Paul Haarman: The top 10 reasons customers churn

Customer churn is a problem we all deal with. Some of our customers leave and we never even know why. This article will explore the top 10 reasons customers churn so you can see if your business experiences any of these common issues says Paul Haarman.

1: Your product isn’t solving their problems.

A customer may sign up for your product, but then they find that it doesn’t meet their needs or solve their specific problem. Not meeting their needs can be caused by simply not having enough features or providing what they need to do their job like SalesForce does with careers and jobs at major companies and contractors for customizations and integrations (E-Myth).

2: Your product is too complicated or hard to use.

If your product is difficult to learn or difficult to set up, then customers won’t be able to do what they need with it and will churn as soon as they find that out explains Paul Haarman. For example, many people who try to self-host websites at a home run into issues because they don’t understand how things work and/or how much time you have to spend on maintenance if you want it looking good and functioning well (website design).

3: You don’t provide support when needed.

If customers try to use your product but can’t get it to work and they don’t know how to solve the problem, then support is key. They will stay on as long as you provide quality support, but once they realize there’s no solution or help available, then they’ll churn. There’s nothing more frustrating than paying for a service and not being able to get help when you need it.

4: Your product is buggy.

No Bueno. Customers want a product that works all of the time and don’t have any issues with every update. If every update breaks something, makes things slower, etc., then people are going to leave in disgust because who wants an app that crashes often? Not only does this annoy customers, but it can also cause them to take their business elsewhere. For example, in 2014 PayPal went down for an hour and people were not happy (PayPal outage). The good thing is that PayPal apologized and promised to do better in the future.

5: Your Company goes out of business or gets acquired/merged.

This one shouldn’t need much explanation. If you’re a small company or startup providing services but then get bought by another company, then your customers will probably be pissed when they find this out because now they have limited options on how to use your services (Quora). And if you’re a customer trying to contact support only to find out that there isn’t any… well, that’s just annoying AND frustrating.

6: You’re too expensive for what you offer, and there are cheaper options.

If your product price is high relative to other similar products then customers may be reluctant to keep it or purchase it, especially if they can get the same thing elsewhere without the cost (Microsoft Office vs Google Docs). Paul Haarman says low prices may not mean much if you don’t provide quality and helpful support and make updates that annoy people instead of adding value (O’Reilly Media).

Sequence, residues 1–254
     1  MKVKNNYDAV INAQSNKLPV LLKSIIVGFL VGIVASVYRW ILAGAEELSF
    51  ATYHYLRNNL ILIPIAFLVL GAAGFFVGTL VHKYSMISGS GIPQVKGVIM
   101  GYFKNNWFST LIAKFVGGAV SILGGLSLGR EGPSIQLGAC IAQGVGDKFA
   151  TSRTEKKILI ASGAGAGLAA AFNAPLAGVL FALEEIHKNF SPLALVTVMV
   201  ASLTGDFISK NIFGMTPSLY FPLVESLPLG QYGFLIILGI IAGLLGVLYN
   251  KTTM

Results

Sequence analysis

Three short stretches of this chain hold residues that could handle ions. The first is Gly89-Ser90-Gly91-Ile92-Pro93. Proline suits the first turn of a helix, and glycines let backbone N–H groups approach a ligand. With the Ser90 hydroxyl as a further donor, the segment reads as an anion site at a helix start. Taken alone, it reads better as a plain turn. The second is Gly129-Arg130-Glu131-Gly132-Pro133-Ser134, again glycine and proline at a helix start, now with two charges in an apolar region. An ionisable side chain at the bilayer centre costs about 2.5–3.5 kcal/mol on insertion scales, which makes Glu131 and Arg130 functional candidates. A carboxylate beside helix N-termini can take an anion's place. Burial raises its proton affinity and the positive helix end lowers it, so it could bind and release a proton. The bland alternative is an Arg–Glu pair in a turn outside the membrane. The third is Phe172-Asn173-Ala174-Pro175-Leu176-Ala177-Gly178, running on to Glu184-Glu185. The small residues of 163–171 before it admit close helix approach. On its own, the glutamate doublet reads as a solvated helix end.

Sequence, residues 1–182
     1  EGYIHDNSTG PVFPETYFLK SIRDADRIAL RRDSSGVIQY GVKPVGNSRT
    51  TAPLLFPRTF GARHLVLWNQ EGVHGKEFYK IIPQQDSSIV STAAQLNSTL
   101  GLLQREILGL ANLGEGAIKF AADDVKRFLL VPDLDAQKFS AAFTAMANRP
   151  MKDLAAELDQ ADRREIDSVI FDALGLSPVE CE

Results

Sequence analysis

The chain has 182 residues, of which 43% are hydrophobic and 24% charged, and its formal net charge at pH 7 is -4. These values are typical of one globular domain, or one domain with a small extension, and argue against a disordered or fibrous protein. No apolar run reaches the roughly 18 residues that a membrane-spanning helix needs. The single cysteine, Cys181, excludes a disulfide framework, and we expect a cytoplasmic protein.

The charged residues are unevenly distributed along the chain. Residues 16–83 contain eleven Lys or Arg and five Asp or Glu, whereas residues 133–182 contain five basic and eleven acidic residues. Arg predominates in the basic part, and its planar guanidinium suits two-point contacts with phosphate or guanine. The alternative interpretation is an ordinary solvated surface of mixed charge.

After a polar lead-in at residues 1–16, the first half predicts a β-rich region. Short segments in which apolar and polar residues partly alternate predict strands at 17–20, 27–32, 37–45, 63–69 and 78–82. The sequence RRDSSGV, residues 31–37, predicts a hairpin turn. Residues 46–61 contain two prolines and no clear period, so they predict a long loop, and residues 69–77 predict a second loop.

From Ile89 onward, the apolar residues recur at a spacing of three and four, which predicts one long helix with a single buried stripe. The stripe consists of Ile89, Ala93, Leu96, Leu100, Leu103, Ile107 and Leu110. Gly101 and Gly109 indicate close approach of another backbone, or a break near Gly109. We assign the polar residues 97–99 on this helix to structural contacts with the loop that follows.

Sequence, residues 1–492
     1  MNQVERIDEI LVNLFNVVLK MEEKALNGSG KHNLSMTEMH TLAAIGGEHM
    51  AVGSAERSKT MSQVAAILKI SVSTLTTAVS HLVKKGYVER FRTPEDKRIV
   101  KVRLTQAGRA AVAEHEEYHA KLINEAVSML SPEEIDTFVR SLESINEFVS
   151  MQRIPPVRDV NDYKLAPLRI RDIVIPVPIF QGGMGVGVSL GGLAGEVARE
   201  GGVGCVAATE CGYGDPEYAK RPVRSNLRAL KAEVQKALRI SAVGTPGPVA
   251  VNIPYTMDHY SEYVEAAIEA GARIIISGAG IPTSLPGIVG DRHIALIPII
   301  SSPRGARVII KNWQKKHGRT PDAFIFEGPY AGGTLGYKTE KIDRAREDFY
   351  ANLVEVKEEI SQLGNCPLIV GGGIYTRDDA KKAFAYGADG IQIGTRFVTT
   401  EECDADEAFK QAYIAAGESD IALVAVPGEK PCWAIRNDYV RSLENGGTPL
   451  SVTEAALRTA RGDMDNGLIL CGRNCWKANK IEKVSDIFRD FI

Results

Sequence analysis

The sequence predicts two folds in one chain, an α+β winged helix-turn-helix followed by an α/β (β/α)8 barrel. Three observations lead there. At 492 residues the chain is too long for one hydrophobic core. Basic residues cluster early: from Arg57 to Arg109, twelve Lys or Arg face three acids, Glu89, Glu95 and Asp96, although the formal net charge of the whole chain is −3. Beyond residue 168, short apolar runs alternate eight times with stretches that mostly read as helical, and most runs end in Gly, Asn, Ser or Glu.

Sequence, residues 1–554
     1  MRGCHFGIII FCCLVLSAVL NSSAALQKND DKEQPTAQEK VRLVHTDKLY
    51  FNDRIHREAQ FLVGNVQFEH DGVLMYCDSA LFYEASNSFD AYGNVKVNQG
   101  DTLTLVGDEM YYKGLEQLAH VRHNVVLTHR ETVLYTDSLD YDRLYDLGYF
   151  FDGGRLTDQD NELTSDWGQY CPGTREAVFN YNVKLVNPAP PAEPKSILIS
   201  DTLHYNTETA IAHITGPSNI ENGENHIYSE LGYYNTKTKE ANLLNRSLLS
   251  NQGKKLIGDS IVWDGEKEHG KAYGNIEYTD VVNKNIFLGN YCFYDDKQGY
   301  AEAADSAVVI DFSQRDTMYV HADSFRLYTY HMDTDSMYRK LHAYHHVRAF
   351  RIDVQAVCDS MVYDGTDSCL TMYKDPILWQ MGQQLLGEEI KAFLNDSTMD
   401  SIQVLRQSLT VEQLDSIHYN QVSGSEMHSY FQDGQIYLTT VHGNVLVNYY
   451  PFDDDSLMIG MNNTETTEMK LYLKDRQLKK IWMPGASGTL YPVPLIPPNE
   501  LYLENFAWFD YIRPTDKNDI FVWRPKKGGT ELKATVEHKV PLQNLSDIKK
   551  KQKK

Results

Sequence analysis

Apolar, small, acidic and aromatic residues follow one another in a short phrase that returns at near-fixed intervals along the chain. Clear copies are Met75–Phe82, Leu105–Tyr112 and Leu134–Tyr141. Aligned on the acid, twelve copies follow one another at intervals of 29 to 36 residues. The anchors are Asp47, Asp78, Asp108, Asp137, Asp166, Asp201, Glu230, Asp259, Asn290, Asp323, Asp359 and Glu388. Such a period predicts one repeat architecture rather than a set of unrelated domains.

7: Your service’s user experience is bad.

If your product has a poor interface or just isn’t as easy as others on the market, then people won’t want to use it because they know something better exists out there. This also includes features that don’t work correctly or that were designe incorrectly from the start. In this case, they find your product to be a poor experience and will churn because of it. Good design is key to having a good user experience.

8:   Your Company doesn’t have a clear vision for the future.

This one is related to #2 above in that, if you present a product but don’t have enough features or aren’t going in a direction that customers want, then people will leave when they realize there’s no point in paying for it any longer (Churn).

9: Your app doesn’t have great reviews.

This is related to #3 on this list, which means if your customers can’t get support when they need it then they are going to go elsewhere because there are plenty of other options out there. Even though you may have thousands or millions of users on your platform, if people can’t reach you in a timely manner for support tickets throughout the day… well, you’ll lose them all. To be fair this isn’t specific to apps, but it’s still a valid reason customers may churn.

10: Your product becomes free and you stop charging your customers money.

Let’s face it: we all like something that is free or really cheap. This goes back to #7 on the list as if you’re an expensive service and then put out a free version of your app/product; some people will stay because they don’t want to pay for anything explains Paul Haarman.

Conclusion:

Finally, don’t forget about the myth of 1% influence. If you want to learn more about how important influencers are for marketing then check out this article about 1% influence in digital marketing.

 

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